Introductory Microeconomic Analysis and Policy Keystone/General Education Course
Introductory Macroeconomic Analysis and Policy Keystone/General Education Course
Environment and Society in a Changing World Keystone/General Education Course
Economic Geography Keystone/General Education Course
Additional Courses: Require a grade of C or better
Select one of the following sequences:8
General Physics: Mechanics Keystone/General Education Course
and General Physics: Electricity and Magnetism Keystone/General Education Course 1
Introductory Physics I Keystone/General Education Course
and Introductory Physics II Keystone/General Education Course 1
Supporting Courses and Related Areas
Select 3 credits from the Natural & Physical Sciences program list 23
Supporting Courses and Related Areas: Require a grade of C or better
Select 3 credits of the following in consultation with adviser: 23
BIOL, ENVSC, GEOG courses
Thesis Research
Internship
Independent Studies
Requirements for the Option
Select an Option33

Requirements for the Option

Environmental Field Science Option (33 credits)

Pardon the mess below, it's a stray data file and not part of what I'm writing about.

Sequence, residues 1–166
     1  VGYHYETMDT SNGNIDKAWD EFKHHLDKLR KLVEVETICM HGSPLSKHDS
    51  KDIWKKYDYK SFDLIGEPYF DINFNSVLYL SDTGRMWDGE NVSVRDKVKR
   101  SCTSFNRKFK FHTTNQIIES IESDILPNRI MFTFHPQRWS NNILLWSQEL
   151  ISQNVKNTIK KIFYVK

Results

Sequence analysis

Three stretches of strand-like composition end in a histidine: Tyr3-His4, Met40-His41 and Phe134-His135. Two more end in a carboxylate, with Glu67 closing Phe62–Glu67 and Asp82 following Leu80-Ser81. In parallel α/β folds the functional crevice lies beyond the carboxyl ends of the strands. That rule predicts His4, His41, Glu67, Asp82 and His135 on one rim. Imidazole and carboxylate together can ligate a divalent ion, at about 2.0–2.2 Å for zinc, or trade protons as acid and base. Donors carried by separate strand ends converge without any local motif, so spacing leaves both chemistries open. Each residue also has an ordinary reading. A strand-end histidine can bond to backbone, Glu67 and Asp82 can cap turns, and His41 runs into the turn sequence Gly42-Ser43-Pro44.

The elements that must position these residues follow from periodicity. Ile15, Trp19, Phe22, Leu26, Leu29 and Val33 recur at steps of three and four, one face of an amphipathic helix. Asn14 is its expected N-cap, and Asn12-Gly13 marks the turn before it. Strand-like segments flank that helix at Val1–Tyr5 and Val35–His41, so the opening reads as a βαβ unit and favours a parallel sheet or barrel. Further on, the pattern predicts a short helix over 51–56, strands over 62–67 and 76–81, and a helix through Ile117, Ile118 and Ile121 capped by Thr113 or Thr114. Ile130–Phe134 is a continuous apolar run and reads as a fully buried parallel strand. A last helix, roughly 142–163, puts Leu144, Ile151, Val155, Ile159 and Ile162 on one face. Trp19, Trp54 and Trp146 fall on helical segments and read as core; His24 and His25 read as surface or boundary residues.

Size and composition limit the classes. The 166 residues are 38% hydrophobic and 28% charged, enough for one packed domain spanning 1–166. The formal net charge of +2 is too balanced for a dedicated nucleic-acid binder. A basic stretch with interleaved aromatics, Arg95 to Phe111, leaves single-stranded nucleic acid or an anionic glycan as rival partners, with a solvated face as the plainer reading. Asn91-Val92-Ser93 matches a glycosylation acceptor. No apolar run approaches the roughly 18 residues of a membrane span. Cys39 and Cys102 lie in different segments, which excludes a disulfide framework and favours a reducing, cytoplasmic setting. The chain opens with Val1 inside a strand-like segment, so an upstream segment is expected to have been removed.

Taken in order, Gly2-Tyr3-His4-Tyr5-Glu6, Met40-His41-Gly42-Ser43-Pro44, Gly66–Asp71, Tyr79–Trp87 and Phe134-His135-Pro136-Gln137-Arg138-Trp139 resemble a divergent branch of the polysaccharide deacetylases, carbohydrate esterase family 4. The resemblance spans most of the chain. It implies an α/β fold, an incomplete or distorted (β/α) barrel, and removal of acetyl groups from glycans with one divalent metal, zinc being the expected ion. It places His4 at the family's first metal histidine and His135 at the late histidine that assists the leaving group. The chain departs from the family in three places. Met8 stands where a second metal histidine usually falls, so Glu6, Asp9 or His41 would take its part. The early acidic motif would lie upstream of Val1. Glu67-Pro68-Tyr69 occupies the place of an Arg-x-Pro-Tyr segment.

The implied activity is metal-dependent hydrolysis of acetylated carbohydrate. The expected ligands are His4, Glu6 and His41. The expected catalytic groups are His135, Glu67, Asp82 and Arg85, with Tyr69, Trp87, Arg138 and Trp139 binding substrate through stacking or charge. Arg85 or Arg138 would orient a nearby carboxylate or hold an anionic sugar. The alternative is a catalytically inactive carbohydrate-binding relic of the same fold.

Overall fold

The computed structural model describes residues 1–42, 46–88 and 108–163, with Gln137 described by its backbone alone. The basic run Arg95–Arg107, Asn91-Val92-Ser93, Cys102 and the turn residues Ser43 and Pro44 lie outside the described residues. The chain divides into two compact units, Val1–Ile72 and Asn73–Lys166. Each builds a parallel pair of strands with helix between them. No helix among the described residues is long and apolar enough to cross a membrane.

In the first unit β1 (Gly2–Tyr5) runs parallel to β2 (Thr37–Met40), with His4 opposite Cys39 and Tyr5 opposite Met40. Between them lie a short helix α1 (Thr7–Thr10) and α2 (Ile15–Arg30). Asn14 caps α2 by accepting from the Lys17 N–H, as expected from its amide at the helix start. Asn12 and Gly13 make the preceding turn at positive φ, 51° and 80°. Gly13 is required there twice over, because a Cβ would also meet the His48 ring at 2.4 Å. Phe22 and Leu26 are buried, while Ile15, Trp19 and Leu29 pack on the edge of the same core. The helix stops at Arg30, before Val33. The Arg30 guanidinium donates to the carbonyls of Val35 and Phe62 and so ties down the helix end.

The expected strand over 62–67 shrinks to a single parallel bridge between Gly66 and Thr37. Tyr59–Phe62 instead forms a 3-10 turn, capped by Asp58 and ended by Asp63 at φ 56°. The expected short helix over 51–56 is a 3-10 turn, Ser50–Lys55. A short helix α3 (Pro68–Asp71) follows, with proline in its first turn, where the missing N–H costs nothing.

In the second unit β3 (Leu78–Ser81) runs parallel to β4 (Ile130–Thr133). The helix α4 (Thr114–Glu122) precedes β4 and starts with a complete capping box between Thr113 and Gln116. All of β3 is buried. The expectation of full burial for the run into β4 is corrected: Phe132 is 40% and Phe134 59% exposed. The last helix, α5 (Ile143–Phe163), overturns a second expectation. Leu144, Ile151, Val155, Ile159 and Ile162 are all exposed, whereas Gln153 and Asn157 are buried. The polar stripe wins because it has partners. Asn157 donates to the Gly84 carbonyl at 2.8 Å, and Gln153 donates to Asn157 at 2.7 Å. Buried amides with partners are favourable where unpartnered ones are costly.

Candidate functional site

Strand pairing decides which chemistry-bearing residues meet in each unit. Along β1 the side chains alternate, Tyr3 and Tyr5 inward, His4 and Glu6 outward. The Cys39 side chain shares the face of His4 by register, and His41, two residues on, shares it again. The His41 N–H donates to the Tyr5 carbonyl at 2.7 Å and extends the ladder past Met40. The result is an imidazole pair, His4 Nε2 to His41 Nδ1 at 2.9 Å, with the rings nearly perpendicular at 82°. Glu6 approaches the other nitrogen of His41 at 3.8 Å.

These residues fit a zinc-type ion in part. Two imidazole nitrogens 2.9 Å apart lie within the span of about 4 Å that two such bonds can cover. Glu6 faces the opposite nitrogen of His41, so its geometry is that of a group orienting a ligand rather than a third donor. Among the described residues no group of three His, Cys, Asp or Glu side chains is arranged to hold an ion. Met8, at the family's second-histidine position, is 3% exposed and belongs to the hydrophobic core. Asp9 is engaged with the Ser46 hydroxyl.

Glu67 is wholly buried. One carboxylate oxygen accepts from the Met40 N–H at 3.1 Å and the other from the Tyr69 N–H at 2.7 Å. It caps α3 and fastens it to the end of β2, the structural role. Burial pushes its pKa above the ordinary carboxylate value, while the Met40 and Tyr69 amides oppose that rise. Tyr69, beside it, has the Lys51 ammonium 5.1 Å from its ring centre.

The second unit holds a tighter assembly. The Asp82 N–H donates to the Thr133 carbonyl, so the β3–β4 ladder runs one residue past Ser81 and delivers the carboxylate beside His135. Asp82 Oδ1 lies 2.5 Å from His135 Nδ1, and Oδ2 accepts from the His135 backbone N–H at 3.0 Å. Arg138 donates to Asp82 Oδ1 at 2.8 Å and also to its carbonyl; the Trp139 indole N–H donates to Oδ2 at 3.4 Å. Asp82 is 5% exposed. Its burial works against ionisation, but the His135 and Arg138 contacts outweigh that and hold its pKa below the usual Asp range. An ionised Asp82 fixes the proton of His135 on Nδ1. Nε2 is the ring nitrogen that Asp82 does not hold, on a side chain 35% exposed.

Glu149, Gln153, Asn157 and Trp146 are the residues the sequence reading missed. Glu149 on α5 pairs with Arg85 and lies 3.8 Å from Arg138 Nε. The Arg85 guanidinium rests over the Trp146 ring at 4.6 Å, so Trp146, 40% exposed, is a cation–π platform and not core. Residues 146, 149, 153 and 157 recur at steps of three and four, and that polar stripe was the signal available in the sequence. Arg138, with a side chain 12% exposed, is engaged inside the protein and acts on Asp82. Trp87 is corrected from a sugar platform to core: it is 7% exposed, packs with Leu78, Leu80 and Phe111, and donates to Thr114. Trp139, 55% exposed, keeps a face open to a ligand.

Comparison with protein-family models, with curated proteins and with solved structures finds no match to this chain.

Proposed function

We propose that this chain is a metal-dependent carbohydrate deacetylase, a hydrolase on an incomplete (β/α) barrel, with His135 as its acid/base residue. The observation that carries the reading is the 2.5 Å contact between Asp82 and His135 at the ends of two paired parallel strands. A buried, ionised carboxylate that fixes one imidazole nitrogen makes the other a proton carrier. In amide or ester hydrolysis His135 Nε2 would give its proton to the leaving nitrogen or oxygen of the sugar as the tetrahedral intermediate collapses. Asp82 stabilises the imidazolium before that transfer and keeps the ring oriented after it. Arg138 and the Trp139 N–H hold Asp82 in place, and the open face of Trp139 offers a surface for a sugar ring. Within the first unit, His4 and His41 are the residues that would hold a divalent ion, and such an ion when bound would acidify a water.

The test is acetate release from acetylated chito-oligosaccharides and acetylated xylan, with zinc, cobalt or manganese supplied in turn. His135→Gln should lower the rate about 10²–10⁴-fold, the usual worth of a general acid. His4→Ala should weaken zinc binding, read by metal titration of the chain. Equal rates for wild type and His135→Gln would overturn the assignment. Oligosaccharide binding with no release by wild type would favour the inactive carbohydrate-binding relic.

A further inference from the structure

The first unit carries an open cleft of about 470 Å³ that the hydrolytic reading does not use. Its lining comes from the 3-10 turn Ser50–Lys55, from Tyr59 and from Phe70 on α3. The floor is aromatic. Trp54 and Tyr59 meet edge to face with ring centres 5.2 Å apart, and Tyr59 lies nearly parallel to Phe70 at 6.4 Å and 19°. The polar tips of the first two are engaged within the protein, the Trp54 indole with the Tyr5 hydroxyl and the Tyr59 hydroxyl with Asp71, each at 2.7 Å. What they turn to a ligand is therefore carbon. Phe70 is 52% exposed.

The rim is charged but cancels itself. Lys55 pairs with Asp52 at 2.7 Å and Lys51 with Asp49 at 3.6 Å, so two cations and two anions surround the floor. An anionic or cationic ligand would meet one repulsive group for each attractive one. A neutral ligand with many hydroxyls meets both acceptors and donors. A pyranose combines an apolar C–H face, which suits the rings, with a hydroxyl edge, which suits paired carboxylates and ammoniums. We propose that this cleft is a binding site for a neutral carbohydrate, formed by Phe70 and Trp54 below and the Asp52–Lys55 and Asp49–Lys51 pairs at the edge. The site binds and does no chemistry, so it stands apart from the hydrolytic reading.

Prescribed Courses
Prescribed Courses: Require a grade of C or better
BIOL 435Ecology of Lakes and Streams3
GEOG 363Geographic Information Systems3
GEOSC 303Introduction to Environmental Geology3
GEOSC 452Hydrogeology3
Additional Courses
Select one of the following:3
Environmental Chemistry and Analysis 1
Energy and the Environment Keystone/General Education Course
Energy Conservation for Environmental Protection Keystone/General Education Course
Energy and Modern Society 1
Additional Courses: Require a grade of C or better
GEOSC 451Natural Resources: Origins, Economics and Environmental Impact3
or GEOSC 454 Geology of Oil and Gas
Select 3 credits of the following:3
Any Biology 400-level field/lab course
Water Resources Geochemistry
Soil Environmental Chemistry
Supporting Courses and Related Areas 2
Select 12 credits from the Natural & Physical Sciences and/or the Social Sciences, Arts & Humanities program lists with not more than 6 credits from the latter list 312
Environmental Lab Science Option (33 credits)
Prescribed Courses
CHEM 203Fundamentals of Organic Chemistry II3
CHEM 227Analytical Chemistry4